Winning in the Personal Web Site category was Timothy Leary’s home page, a site that chronicled the life and death of the counterculture figure, L.S.D. proponent and, most recently, on-line aficionado.

In other awards, Ask Dr. Science, a lighthearted science site, was honored with Cool Site Script of the Year. The programming language Java from Sun Microsystems was named Cool Innovation of the Year over Real Audio, Pointcast, Shockwave and the Palace.

Alta Vista, from Digital Equipment, which is rapidly catching up to its pioneering brothers Lycos and Yahoo, was named the Cool Search Engine of the Year.

The evening – sponsored by People Magazine Online, the access provider Infinet and Apple Computer – was broadcast live on Apple’s Web site. The master of ceremonies, Penn Gillette, talking half of the comedy team Penn and Teller, did not miss the humor in holding a live-awards ceremony to celebrate accomplishments in a virtual arena. He juggled, performed magic tricks and brought a beautiful model on stage, while a videotape of his introductory speech, playing on a large screen behind him, was broadcast to the Internet audience.

“You’re not missing a thing on the Web,” he assured his virtual audience.

As the Web Matures, Fun Is Hard to Find By LISA GUERNSEY MARCH 28, 2002

GLENN DAVIS, the founder of the once-popular online destination Cool Site of the Day, used to be so addicted to the Web that he called it his “recreational drug.”

He started Cool Site in 1994, after discovering the thrill of happening upon an especially interesting Web site and telling his friends what he had found. Within a year, more than 20,000 people a day were visiting the site, and Mr. Davis became a Web celebrity, giving interviews to online magazines and fending off gifts from Webmasters who were desperately seeking his recommendation of their sites.

Today, Mr. Davis has not only kicked his Web habit but also almost completely given up the medium. The Cool Site of the Day still exists, but it is no longer run by Mr. Davis, who has also lost his enthusiasm for trolling for new pages.

“We lost our sense of wonder,” he said. “The Web is old hat.”

Just 11 years after it was born and about 6 years after it became popular, the Web has lost its luster. Many who once raved about surfing from address to address on the Web now lump site-seeing with other online chores, like checking the In box.

What attracted many people to the Web in the mid-1990’s were the bizarre and idiosyncratic sites that began as private obsessions and swiftly grew into popular attractions: the Coffee Cam, a live image of a coffee maker at the University of Cambridge; the Fish Tank Cam from an engineer at Netscape; The Spot, the first online soap opera; the Jennicam, the first popular Internet peephole; the Telegarden, which allowed viewers to have remote control of a robot gardener; and the World Wide Ouija, where viewers could question the Fates with the computer mouse. The Web was like a chest of toys, and each day brought a new treasure.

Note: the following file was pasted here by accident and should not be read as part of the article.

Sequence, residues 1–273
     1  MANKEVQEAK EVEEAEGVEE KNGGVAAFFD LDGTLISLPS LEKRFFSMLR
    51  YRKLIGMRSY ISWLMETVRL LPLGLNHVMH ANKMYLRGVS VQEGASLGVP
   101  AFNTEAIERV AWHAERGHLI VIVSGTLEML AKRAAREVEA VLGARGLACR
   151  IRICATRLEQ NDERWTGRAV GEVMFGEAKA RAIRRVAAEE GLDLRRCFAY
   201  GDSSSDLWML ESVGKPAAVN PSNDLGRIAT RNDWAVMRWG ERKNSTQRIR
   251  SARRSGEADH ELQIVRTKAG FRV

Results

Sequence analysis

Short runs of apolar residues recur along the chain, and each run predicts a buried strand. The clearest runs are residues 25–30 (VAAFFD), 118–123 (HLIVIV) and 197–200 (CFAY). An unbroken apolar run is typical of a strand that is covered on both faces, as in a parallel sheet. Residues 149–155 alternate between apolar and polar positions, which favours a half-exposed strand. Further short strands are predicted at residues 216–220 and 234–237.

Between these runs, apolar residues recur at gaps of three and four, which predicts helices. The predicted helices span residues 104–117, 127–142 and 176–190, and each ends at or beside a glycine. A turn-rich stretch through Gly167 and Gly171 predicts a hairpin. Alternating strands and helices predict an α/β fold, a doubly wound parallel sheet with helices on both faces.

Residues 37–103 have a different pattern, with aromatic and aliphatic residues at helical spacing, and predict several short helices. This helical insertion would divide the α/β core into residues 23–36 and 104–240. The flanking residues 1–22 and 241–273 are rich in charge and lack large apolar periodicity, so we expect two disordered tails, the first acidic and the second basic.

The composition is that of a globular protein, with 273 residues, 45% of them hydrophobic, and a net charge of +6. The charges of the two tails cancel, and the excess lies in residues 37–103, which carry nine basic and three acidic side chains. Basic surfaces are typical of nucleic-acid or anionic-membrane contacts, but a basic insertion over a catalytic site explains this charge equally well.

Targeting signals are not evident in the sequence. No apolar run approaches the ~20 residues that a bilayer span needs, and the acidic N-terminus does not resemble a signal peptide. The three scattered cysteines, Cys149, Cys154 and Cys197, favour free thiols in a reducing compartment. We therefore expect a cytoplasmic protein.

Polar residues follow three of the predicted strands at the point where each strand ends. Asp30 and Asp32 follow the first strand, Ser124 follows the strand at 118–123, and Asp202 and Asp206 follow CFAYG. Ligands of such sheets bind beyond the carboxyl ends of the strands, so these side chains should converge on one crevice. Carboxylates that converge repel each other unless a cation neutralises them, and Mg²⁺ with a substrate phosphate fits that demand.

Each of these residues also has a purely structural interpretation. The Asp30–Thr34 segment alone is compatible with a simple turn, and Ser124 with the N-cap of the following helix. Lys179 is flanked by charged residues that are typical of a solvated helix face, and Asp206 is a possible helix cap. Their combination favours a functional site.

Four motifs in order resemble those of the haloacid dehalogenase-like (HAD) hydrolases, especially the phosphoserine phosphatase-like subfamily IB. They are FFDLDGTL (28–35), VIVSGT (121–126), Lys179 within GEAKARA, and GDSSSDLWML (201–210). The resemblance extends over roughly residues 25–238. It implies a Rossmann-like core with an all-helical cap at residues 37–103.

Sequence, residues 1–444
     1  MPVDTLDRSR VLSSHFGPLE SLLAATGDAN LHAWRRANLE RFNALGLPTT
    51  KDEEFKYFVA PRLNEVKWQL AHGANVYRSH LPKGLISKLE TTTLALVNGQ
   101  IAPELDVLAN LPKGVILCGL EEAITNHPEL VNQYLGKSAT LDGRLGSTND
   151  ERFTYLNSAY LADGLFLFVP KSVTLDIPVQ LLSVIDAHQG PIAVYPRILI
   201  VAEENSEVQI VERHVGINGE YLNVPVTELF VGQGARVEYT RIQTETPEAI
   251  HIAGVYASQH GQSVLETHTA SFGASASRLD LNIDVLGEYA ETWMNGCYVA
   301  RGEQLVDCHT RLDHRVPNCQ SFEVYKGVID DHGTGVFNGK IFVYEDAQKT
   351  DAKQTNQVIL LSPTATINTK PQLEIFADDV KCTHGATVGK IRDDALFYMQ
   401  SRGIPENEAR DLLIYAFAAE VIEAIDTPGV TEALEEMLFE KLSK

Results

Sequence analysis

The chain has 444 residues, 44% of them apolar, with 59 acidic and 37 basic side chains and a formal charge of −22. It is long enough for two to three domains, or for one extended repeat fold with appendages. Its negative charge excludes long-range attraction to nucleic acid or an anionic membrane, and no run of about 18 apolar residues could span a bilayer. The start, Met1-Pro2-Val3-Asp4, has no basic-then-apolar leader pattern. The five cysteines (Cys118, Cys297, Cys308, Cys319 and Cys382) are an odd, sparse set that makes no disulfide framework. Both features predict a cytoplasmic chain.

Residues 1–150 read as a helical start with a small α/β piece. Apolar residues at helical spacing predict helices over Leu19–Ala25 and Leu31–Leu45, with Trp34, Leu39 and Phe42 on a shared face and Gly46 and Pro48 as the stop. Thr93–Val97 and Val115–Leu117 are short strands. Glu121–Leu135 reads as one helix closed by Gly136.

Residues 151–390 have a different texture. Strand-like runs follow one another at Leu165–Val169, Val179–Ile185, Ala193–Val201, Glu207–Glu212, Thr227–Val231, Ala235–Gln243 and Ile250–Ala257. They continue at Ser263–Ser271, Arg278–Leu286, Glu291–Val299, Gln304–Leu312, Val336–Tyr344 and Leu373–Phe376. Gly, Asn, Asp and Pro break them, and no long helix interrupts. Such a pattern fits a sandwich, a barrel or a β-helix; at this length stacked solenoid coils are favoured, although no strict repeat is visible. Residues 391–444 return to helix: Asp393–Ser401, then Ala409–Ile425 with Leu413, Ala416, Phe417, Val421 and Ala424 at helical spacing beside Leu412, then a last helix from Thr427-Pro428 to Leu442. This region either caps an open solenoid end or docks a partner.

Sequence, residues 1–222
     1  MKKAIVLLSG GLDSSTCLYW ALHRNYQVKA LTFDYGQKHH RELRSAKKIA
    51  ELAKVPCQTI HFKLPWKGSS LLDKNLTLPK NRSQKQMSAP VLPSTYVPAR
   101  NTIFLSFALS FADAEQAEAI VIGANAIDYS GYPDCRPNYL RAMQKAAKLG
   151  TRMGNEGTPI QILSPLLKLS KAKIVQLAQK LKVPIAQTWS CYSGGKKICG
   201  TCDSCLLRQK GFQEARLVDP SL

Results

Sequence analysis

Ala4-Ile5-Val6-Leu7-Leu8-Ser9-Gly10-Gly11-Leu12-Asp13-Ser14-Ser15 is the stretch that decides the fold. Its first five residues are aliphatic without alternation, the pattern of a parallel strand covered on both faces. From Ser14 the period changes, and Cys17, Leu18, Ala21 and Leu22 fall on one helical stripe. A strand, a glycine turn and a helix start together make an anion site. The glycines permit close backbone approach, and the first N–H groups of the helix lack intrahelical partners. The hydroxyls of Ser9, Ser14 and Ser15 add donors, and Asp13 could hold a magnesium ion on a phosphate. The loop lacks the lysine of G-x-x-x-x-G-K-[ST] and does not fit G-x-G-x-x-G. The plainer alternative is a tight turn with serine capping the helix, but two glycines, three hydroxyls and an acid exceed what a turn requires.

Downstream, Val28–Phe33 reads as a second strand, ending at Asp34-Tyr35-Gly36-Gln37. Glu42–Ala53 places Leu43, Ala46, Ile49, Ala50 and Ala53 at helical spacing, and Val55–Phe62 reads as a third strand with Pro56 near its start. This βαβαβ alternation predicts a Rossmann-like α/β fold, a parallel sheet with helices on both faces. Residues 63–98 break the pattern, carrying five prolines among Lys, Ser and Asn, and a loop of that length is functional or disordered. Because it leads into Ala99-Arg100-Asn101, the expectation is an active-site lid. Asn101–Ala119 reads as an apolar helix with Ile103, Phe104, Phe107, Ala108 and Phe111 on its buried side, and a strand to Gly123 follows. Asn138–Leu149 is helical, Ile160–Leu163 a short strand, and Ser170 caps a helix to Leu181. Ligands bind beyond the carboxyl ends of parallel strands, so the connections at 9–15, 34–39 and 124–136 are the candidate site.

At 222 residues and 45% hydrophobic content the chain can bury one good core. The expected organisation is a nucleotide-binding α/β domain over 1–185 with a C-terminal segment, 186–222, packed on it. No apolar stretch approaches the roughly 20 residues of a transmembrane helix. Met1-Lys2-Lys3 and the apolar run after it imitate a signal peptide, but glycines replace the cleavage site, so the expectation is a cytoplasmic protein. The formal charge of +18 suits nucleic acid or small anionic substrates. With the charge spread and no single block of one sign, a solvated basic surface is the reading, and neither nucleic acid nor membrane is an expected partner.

“I remember sitting there for hours thinking it was so neat,” said Jason Gallo, an office manager in Washington who discovered the Web in 1994. He said he would often get lists of favorite sites from his friends, which he called “quirky islands of fun.”“I don’t see that anymore,” he said.

Lisa Maira, a computer network administrator at the University of Buffalo, designed the Mr. Potato Head site with colleagues in 1994 (the name was later changed to Mr. Edible Starchy Tuber Head to avoid trademark infringement). It allowed viewers to dress up an online version of the toy. The site attracted thousands of visitors and a dozen “best of the Web” awards.

“It was just amazing,” Ms. Maira said. Now, not only has the site fallen into disrepair, with broken links and missing game pieces, but many of the sites that gave it accolades are also out of business.

That kind of Web activity “doesn’t impress people anymore,” Ms. Maira said, adding that she counted herself among the disenchanted.

The problem facing the Web is not that some of these particular sites have come and gone – there are, after all, only so many times anyone can look at a coffeepot, even online – but that no new sites have come along to captivate the casual surfer.

Bob Rankin, the co-editor of Tourbus, an electronic newsletter, frequently sent his readers to innovative pages. Now the newsletter is more likely to provide information about online charities and antivirus software. “I have a harder time finding the oddball sites that I like to highlight,” Mr. Rankin said.

The lack of compelling content may be contributing to a decline in the amount of time that people spend online. In March 2000, according to a survey by the Pew Internet & American Life Project in Washington, people averaged 90 minutes per online session. A year later, when the same people were polled, that number had dropped to 83 minutes. According to the report, those polled said that they were using the Web more to conduct business than to explore new areas, aiming to get offline as quickly as possible. The toy box has turned into a toolbox.